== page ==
There is a vast literature on the history of food and the development of cuisine through the ages; this exhibit utilized only a small number of these works in its brief narrative. Some of these included the wide-ranging Scribner Encyclopedia of Food and Culture (2003) Katz and Weaver, eds. ; Franck and Brownstone’s Restaurateurs and Innkeepers (1989); Gay and Gay’s Encyclopedia of North American Eating & Drinking (1996); Mennell’s All Manners of Food: Eating and Taste in England and France from the Middle Ages to the Present; and From Boarding House to Bistro: the American Restaurant Then and Now (1990) by Richard Pillsbury. Of particular note is Rebecc Sprang’s (2000) superbly-researched The Invention of the Restaurant: Paris and Modern Gastronomic Culture which provides the master narrative of restaurant history in Paris and chronicles the significant role that menus played in this development. Scanning the bibliographies of any of the above-mentioned works would provide an additional plethora of food history sources.
There are few stand-alone works on the history of menus and all are primarily visual in nature. These include Greenstein’s A La Carte: A Tour of Dining History (1992), Heimann’s May I Take Your Order: American Menu Design, 1920-1960 (1998) and Classic Menu Design: from the Collection of the New York Public Library (1988) by Reynaldo Alejandro. As noted in the exhibit text, there are a large number of works on menu design and marketing directed at culinary and hotel students. Although not used in this exhibit, most books on modern menu design can be found under the following subject headings:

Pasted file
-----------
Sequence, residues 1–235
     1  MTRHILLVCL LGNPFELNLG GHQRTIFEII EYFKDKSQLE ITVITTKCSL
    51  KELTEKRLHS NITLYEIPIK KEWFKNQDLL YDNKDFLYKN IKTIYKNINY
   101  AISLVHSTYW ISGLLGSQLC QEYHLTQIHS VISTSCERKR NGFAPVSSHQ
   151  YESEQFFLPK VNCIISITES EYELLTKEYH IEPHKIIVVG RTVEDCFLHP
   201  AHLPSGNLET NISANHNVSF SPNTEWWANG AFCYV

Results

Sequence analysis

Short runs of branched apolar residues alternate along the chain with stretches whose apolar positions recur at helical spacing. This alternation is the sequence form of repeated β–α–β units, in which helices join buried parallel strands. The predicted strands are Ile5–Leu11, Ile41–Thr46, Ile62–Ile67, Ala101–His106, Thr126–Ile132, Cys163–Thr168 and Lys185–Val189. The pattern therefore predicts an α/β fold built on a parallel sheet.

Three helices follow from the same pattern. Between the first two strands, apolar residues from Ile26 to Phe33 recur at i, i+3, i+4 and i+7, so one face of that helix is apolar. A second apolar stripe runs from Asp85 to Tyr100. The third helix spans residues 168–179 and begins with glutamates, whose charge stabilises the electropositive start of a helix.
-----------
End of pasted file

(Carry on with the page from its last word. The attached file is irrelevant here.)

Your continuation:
Graphic design information for much of the nineteenth century menus was taken from the second edition of Meggs’ classic History of Graphic Design (1992). Heimann (1998) provides insightful information on mid-twentieth century menu design, covering the period from which many of the Las Vegas menus originate.
Information on dining in Las Vegas came from several sources, including a number of guide books dating from the late 1960s and early 1970s. George Stamos’ Las Vegas Sun series, “The Great Resorts of Las Vegas” from 1979 is still one of the best sources for the history of the most notable hotel-casinos on the Las Vegas Strip and provides valuable information on the restaurants within the hotels. Contemporary accounts such as Best and Hillyer’s Las Vegas, Playtown U.S.A. (1955), and Reid’s Las Vegas: City without Clocks (1961) provide fun anecdotes about dining in Las Vegas during the golden resort years. Gourmet’s Gamble (1962) is a unique history/cookbook about Las Vegas with recipes from the chefs of all the major Strip hotels in the early 1960s. Guidebooks such as Sonnett’s Guide to Las Vegas (1969), Guidebook to Las Vegas: Where to Go, Where to Stay, Where to Eat, Where to Have Fun and What to Do in Las Vegas (1972) and Silberstang’s Las Vegas: An Insider’s Guide and Gambling Hand Book (1975) all provide a glimpse of how Las Vegas dining was viewed in past decades.